Then came the night that changed Carter's life. When a rival gangmember pulled a gun on Carter and his friends during a fight, the group scattered. Carter stopped to pick up the medallion he'd dropped, and when he stood up, there was a gun at his head. "I thought, 'I'm too young to die,' " he remembers. The gunman fled when a cop car pulled up, and Carter, shaken, vowed to make a change.

Shortly thereafter, two unlikely evangelists brought him to their father's church. His gangster friends Johnny Harper and Willie Harper Jr.--sons of ex-49ers linebacker-turned-minister Willie Harper--woke him up one Sunday morning and dragged him to services. That week Carter was baptized by the elder Harper.

"I tore all the naked ladies off my wall," he says. "I cut 'Jesus Saves' in my hair." He made a 4-foot-by-8-foot wooden cross, got a bullhorn and started witnessing in downtown San Jose at his old hangouts, urging people to repent. He still does it sometimes. His gospel raps developed as an outgrowth of his evangelizing, as something he just did naturally.

THE REV. Johnie Thompson, choir director and youth pastor of Emmanuel Baptist Church in east San Jose, spins a yarn of debauchery that would make a great movie. The climax would have to be the scene where he's just been busted selling cocaine to an undercover cop and takes off in the city bus he drives as his day gig. He shuts the doors, instructs the panicked passengers to remain calm and turns the bus onto 880, whereupon he proceeds to lose the cops.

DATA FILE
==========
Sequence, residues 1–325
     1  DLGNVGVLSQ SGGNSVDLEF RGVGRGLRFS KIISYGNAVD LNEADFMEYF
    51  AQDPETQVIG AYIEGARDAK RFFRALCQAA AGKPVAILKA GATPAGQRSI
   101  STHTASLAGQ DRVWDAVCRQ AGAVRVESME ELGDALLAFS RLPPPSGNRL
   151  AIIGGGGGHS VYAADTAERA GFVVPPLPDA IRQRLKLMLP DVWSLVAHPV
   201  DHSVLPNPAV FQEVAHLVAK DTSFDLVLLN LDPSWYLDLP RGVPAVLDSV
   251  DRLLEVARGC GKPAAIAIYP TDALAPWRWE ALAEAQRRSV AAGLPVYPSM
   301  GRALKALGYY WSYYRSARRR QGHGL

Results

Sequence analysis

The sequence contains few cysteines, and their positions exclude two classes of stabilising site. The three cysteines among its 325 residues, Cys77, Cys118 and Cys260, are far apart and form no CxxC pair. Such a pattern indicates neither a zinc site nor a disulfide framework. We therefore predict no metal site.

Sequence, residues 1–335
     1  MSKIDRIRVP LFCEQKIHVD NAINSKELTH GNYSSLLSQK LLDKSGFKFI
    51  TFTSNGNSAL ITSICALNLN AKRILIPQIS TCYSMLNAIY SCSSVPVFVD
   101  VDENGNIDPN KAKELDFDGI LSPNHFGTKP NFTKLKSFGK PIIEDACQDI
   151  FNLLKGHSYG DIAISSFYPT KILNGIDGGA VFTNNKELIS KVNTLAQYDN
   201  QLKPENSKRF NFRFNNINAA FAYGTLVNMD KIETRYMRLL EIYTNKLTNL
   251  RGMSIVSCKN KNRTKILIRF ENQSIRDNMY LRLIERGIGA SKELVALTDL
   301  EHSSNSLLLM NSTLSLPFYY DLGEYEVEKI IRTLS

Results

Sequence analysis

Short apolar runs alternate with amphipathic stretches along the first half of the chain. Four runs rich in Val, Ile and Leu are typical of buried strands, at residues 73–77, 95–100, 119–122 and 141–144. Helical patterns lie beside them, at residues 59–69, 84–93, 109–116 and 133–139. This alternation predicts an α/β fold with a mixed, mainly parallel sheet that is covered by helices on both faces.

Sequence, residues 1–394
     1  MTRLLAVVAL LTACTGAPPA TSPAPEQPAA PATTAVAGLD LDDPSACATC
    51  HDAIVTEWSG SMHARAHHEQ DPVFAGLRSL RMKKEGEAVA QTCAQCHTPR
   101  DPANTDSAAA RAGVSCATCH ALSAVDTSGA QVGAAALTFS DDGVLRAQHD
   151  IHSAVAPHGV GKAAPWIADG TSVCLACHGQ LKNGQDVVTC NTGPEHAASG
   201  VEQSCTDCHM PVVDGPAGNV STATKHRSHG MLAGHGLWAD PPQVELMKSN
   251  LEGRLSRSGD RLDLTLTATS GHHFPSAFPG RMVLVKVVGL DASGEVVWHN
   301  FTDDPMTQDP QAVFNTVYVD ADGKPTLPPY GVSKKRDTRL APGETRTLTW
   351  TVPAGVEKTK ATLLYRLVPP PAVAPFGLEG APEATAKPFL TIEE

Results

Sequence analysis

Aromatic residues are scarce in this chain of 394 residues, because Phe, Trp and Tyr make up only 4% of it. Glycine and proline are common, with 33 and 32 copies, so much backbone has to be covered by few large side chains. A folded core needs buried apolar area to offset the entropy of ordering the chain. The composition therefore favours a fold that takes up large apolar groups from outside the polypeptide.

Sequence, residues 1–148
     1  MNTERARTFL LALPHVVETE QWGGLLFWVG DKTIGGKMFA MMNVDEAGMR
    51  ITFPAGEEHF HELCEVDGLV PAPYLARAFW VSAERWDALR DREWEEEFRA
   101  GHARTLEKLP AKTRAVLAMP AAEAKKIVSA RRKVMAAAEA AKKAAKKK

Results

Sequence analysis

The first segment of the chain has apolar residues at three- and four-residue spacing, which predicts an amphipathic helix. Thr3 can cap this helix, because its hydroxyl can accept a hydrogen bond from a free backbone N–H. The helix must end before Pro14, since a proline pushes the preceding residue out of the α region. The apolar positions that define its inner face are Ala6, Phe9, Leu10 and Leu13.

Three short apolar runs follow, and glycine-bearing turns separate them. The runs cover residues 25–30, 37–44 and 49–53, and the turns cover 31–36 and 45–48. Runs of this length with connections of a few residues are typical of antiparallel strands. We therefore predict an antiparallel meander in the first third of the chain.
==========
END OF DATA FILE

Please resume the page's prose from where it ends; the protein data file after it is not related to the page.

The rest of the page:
Thompson came to the Lord after drug charges were dropped that would have surely landed him in prison. He believes life as a sinner prepared him for life as a saint, working with young people who are skeptical of adults who've never seen any action.

"I know now that God put me through all of that just so He could use me here in this capacity," he says. "If your life has been too goody-two-shoes, you're just talking a bunch of rhetoric."

Likewise Horeish White, a local gospel rapper known as Menacesta Reese, sustained four gunshot wounds in 1993 and came to God while in jail. Now poised to release his CD The Sacrifice in July, White says he raps "so I can reach the people who are still doing what I was doing, let them know you ain't got to be perfect, you know what I'm sayin', to be forgiven."

Meanwhile, neither of the Harper brothers ever made the commitment to the church their friend has. "We're the ones that brought Jason to church, and that's where we left him," Johnny Harper laughs.